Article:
When I was a young girl in Bordentown, New Jersey, I went to a strict Catholic elementary school. The religious training I received there wasn’t too satisfying, though. I remember asking questions like, “Is God old?” “What does He look like?” “What does He do all day?” Unfortunately, none of my teachers could answer these questions, so I began reading outside books to satisfy my curiosity.
During my high school years, I became very interested in journalism—especially the technical aspects of graphics and printing. After I graduated, I got a job at Princeton University Press as an IBM type composer. They put me to work composing a thousand-page book on the Arab-Israeli conflict. In the evenings I read books on Oriental religion and mysticism, looking for answers to the questions that had first occurred to me in grade school. But the books were all very vague. They talked about things like “the light” and “cosmic consciousness,” but they never gave any concrete answers to my basic questions. One book told me that to meditate I must sit down and try to clear my mind of all thoughts. But when I sat down and tried to do this, all of a sudden I thought, “How can you possibly clear your mind of all thoughts if you’re thinking about clearing your mind of all thoughts? That’s a thought, and you always have to keep that thought in your mind in order to do it.” So I just threw the book out. Meanwhile, I was becoming very bored with the Arab-Israeli conflict.
One day a friend of mine showed me a book she had gotten from a Hare Krishna devotee. It was called Sri Isopanisad, The book’s introduction alone was so complete—it explained all the things I’d been wondering about! I didn’t know anything about the Hare Krishna movement, but I was so impressed with the book’s author, His Divine Grace A.C. Bhaktivedanta Swami Prabhupada, that I said to myself, “He must be my spiritual master.” Following his instructions in Sri Isopanisad, I started chanting the Hare Krishna mantra.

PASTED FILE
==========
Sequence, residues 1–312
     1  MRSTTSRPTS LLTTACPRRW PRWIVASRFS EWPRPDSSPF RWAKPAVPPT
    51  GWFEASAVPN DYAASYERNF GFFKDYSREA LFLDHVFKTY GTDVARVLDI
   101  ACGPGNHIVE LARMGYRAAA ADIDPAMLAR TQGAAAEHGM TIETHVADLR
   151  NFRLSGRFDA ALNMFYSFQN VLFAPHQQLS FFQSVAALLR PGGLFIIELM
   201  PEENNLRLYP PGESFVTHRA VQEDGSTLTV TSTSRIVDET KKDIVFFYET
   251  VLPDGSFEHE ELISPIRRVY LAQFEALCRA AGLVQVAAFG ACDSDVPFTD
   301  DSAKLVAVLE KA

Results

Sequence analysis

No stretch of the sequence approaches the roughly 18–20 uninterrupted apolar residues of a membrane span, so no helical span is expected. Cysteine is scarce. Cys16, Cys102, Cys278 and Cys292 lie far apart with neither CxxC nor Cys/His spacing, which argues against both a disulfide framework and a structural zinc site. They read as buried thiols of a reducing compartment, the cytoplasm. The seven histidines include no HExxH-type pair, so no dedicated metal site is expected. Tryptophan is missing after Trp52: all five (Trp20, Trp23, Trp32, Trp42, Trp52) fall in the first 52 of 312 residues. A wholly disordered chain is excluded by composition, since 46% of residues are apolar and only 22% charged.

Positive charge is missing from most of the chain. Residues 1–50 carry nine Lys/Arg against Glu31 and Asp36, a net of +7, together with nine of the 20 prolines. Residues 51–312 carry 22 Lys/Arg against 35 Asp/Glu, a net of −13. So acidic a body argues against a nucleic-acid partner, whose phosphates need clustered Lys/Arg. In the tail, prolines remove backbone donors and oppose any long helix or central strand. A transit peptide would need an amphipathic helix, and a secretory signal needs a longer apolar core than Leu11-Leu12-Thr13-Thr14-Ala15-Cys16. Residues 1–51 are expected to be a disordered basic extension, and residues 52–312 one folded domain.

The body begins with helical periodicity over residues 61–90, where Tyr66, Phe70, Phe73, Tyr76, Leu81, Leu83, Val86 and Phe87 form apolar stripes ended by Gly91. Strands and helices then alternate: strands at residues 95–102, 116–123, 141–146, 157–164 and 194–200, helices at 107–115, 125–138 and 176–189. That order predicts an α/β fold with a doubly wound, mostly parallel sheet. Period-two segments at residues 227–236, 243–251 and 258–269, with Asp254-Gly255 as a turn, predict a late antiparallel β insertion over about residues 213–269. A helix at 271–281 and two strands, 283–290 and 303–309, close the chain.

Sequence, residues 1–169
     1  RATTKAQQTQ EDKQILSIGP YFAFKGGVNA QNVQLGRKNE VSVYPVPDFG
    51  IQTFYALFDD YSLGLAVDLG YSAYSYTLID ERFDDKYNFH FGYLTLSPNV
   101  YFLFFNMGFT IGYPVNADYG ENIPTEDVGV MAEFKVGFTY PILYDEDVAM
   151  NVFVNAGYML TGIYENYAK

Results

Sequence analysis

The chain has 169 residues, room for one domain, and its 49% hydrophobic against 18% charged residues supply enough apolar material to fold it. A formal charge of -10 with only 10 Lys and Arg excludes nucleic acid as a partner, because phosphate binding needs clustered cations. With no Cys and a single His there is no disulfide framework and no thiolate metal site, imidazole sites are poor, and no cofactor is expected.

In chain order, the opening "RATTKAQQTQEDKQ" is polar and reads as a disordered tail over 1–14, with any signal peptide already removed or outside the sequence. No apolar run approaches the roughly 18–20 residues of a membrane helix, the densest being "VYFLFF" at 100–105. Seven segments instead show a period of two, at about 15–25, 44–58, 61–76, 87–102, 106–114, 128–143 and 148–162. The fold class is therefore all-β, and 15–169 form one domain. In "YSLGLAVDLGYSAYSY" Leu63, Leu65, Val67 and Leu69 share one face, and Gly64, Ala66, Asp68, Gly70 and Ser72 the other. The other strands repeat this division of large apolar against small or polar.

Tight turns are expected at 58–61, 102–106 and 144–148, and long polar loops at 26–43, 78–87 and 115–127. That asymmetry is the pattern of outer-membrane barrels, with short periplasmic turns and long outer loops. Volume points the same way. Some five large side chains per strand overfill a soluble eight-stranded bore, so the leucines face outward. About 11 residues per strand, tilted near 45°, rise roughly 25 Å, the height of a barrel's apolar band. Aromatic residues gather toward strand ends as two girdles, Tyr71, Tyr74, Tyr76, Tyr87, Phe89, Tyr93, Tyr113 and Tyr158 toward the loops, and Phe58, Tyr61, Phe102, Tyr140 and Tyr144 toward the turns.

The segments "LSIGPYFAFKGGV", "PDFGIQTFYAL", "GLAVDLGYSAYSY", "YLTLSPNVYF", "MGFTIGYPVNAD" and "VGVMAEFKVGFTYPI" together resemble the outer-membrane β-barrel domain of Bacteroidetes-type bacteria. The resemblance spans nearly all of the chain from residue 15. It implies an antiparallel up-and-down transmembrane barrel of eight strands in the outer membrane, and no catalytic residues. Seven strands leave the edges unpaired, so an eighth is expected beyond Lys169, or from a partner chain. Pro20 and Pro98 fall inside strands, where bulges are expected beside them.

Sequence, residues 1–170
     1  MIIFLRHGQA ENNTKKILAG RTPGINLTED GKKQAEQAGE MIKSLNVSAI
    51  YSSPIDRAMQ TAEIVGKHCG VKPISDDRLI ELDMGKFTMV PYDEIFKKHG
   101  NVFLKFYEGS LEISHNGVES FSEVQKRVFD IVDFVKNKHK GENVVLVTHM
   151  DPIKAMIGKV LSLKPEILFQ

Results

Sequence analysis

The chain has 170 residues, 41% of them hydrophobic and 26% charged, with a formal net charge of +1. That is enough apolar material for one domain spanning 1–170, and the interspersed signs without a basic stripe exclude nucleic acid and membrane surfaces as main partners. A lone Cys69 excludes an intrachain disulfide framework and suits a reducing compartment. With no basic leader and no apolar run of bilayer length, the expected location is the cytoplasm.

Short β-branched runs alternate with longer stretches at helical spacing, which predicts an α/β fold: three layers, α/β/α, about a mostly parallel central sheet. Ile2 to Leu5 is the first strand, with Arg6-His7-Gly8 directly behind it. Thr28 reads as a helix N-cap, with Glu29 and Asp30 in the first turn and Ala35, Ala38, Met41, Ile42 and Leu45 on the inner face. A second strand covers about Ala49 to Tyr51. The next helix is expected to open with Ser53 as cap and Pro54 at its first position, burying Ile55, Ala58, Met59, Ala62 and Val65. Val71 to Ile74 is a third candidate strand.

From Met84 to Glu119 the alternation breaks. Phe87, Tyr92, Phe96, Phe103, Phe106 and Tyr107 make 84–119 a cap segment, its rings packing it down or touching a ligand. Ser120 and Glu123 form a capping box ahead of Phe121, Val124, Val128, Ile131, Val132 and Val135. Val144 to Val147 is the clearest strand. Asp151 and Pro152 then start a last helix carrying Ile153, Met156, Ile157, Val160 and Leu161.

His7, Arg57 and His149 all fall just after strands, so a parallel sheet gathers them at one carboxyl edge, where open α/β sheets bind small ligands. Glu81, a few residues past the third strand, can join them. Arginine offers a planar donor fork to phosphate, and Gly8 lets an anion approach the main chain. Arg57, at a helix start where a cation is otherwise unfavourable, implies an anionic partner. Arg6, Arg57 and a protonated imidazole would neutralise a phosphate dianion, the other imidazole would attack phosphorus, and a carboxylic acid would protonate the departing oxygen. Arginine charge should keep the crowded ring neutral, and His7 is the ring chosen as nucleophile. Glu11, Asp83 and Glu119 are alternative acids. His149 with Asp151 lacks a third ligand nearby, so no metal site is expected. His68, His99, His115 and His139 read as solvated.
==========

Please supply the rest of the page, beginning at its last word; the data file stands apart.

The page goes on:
A few months later, while browsing in a bookstore, I found another book by Srila Prabhupada: Bhagavad-gita As It Is. It was the most beautiful book I’d ever seen. I was very excited about it, so I bought it, took it home, and began to read it. I couldn’t put it down. Everyday, I brought the book to work with me. That wonderful Bhagavad-gita changed my life. In fact, it convinced me to become a devotee of Krishna.
One day I was working at my desk when a young man walked into the office. I immediately noticed his saffron robes and shaven head, and then I saw that he was carrying a copy of the same Bhagavad-gita I had on my desk. He was a Hare Krishna devotee, and he’d come to Princeton Press to check on their book production methods. I’d never met a devotee before, but I’d been praying to Krishna to send someone, and I felt that this devotee had been sent by Krishna for my sake.
Later, when I had a chance to talk with him, my first question was, “Do you need any composers?” I’d noticed that Bhagavad-gita As It Is was published by ISKCON Press, and I’d daydreamed of working for them. “If I can compose books like the Bhagavad-gita,” I told him, “I’ll work for free.” The devotee, whose name was Radhavallabha dasa, encouraged me to visit the Hare Krishna temple in New York. He told me about the four basic rules of spiritual life: no meat eating, gambling, illicit sex or intoxication. I immediately began following them because I saw how pure and happy he was, and I wanted to be like that.
Soon afterward I visited the temple in New York. Everyone was very friendly, especially one girl named Rukmini dasi, who went out of her way to be pleasant and encouraged me to move in with the devotees and take up their way of life.
Back in Princeton, I thought about everything that had happened, and I decided to become a full-time devotee. After moving into the temple I immediately began to compose my spiritual master’s books at ISKCON Press, and I’ve been working there ever since. Sometimes, during a rush, I work up to sixteen hours a day, but because these books are sacred, I feel very fulfilled. Krishna consciousness is the practical yoga I’d been looking for all along.
Finding Krishna consciousness was like finding a rain cloud in the desert. It’s revealing the truths I’ve always wanted to know. And I’m especially fortunate to be working on the books of my spiritual master, His Divine Grace A.C. Bhaktivedanta Swami Prabhupada, for in this way I am helping others to also find out the truth.